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MailTribune.com
  • Our leaves end up as compost

  • Every year, I bag up mountains of leaves in the fall and put them out for pickup. All my neighbors do the same. I can only imagine how many leaves get picked up every year throughout the valley. I know that stuff gets recycled somehow, but can they really recycle that much debris? What happens to all those leaves?
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  • Every year, I bag up mountains of leaves in the fall and put them out for pickup. All my neighbors do the same. I can only imagine how many leaves get picked up every year throughout the valley. I know that stuff gets recycled somehow, but can they really recycle that much debris? What happens to all those leaves?
    — Robert S., Medford
    All those leaves eventually are returned to your neighbors, Robert. It's basically an amazing recycling effort that will make you whistle a tune every time you rake up your leaves.
    Every fall, Rogue Disposal and Recycling picks up about 1,000 tons of leaves in a two-month period in Medford, Central Point and Phoenix.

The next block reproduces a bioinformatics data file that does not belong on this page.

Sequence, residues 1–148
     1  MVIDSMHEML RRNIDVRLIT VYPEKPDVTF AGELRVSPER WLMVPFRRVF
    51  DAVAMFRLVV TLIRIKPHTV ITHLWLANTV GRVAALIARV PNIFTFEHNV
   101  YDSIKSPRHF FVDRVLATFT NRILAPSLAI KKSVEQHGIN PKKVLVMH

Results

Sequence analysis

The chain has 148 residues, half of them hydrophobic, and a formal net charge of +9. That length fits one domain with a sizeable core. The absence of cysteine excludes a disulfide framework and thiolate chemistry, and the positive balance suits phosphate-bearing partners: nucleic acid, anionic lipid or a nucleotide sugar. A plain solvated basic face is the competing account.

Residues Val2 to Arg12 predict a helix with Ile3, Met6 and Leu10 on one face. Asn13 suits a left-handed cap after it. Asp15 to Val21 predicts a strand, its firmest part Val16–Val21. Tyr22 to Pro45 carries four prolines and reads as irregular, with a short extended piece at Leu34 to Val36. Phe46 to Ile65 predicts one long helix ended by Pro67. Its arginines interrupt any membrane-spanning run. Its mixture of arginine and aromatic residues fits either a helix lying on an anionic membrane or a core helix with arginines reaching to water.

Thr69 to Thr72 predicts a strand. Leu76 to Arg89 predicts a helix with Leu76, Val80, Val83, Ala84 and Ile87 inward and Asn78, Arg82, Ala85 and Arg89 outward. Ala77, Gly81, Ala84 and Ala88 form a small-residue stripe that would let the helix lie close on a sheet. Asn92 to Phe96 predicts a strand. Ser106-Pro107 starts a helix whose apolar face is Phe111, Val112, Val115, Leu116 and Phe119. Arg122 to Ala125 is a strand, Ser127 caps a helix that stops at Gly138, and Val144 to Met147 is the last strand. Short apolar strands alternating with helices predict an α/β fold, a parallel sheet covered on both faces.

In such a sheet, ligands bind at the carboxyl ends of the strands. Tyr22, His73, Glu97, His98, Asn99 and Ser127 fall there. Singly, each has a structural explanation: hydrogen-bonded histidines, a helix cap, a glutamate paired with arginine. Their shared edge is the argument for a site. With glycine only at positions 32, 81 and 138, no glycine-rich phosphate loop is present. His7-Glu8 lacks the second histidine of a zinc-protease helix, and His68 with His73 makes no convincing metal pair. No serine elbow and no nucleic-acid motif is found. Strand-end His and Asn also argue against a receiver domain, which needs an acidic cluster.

After collecting the leaves, Rogue Disposal grinds them into small pieces then lets the leaf remnants cure for 18 months. For the first 15 days of that period, the leaves undergo a process that heats them up to 140 to 150 degrees to kill seeds, pathogens and any other unwanted substances.
    "At the end, we have a beautiful, dark, rich compost," said Denise Barnes, recycling coordinator for Rogue Disposal.
    Because of testing on the leaves, the compost is considered suitable for organic gardens, she said.
    If you go to Rogue Disposal in White City, a 40-pound bag of the fine-screened compost is available for $3.99, which is quite a deal.
    You also can buy it by the yard at $28, which is useful for top dressing or seed starter for lawns. A medium-screened product is available for $20 a yard.
    Now, you just need a friend with a truck to go get it for you, Robert.
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